First of all 1/3 time is not much time. It should be 50-50 ... because child needs father and mother. If father is not taking care of the child then that a different story. Regarding father getting upper hand is concerned.. i think its just a cycle.. first father had upper hand then mothers had it for last 10-15 years and not fathers have it . It also depends on how society has changed... courts keep account of how many mothers tried to take advantage of fathers and fathers taking advantage of mothers in custody case. There is historical data to prove that. Court now thinks that fathers are ready to take responsibility and should be given a fair chance . http://mychildcustodycase.com
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KenPatrick



Joined: 08 Oct 2015
Posts: 6
State or Province: Florida

PostPosted: Thu Oct 08, 2015 6:28 am    Post subject: Reply with quote

Although each stage of a divorce can involve conflict, custody disputes have the potential to become the most emotional. However, in all states, the best interests of the child always take precedence over the wishes of the parents. Knowing the circumstances under which a judge may be more inclined to award you with greater parental rights will help you best prepare for your custody case.


-Custody Basics

While the terminology can vary from state to state, custody is typically divided into two components: physical and legal custody. Physical custody pertains to where the child stays overnight, while legal custody refers to the authority to make major decisions regarding the child's upbringing, including school choice and religious affiliation. A judge can order that the parents share either type of custody or award either or both types of custody solely to one parent.

-Best Interests Standard

All custody decisions must promote the best interests of the child. This standard necessarily looks to which parent can not only meet the needs of the child, but also whether that parent can foster a positive and ongoing relationship with the other parent. For that reason, if you are cooperative but your spouse refuses to speak to you, the court may be less inclined to award him greater parenting rights according to West Palm Divorce Lawyer. This is particularly true with regards to establishing legal custody, where the ability to work together to make decisions is an important consideration.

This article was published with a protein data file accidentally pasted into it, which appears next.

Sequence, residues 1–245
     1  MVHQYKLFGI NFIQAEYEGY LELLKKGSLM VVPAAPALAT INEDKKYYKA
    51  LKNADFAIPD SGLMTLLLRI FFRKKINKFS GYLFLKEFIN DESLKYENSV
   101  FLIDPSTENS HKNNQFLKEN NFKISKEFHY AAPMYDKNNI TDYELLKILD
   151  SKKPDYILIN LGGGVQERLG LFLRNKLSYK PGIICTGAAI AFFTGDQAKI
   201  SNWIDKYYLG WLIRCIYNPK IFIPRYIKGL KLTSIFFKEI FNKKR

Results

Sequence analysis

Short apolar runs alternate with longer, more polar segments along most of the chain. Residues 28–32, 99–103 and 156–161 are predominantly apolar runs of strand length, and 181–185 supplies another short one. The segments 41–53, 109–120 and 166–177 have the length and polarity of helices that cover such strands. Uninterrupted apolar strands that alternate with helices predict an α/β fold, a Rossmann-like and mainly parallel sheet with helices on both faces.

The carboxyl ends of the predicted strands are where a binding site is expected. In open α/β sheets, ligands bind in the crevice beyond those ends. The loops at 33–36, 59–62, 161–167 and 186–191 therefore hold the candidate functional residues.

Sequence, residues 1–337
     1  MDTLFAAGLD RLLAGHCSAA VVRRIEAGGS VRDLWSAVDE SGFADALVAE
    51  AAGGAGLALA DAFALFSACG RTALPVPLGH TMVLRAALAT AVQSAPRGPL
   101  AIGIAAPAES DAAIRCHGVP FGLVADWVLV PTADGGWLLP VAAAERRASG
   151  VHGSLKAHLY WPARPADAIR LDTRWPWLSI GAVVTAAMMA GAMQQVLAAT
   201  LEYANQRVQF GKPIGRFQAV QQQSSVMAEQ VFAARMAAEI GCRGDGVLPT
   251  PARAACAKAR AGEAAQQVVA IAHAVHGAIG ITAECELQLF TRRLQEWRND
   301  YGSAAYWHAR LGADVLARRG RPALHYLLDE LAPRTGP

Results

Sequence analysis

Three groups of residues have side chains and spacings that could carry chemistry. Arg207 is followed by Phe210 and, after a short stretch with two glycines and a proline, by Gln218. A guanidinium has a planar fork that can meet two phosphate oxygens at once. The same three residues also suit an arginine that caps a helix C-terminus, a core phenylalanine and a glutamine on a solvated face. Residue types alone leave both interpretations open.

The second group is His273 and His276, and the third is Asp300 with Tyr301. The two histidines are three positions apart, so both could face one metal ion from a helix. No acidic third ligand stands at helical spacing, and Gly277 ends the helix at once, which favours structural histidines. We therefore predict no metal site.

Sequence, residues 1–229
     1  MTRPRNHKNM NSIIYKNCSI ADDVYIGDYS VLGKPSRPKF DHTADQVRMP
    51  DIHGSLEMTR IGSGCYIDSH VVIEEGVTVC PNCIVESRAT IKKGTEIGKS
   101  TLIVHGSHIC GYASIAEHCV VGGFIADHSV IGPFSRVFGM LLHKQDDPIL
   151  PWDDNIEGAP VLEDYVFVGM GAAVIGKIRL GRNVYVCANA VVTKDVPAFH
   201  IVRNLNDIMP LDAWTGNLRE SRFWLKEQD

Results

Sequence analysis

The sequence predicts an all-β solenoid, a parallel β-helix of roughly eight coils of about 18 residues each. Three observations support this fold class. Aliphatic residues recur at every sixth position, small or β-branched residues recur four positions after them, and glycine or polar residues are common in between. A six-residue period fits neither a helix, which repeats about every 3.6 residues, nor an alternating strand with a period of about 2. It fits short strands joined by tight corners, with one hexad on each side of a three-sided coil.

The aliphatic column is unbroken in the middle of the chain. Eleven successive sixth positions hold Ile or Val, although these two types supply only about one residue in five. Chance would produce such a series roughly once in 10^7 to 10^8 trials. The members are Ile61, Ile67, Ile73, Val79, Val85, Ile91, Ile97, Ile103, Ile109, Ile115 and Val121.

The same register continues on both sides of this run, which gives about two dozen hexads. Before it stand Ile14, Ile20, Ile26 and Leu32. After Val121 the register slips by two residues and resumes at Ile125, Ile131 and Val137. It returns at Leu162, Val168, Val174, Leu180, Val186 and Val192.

-Additional Factors

Minimizing disruption in the child's life is an integral part of determining physical custody. For that reason, a judge may be persuaded to award you with more overnights if you live closer to the child's school and extracurricular activities. Further, some states will take into consideration the amount of involvement each parent has had in the child's life, as well as the child's personal preference if he is of suitable age.

-Safety Concerns

A court must ensure that a child's needs are being met and that she has a safe home environment. To that end, evidence of past physical or sexual abuse by one parent can be a red flag to the court that it might not be in the child's best interest to stay overnight with that parent. In addition, if you can demonstrate that the other parent has a history of poor decision-making, such as would be the case with continuous drug addiction, the court may conclude that it should award you sole legal custody.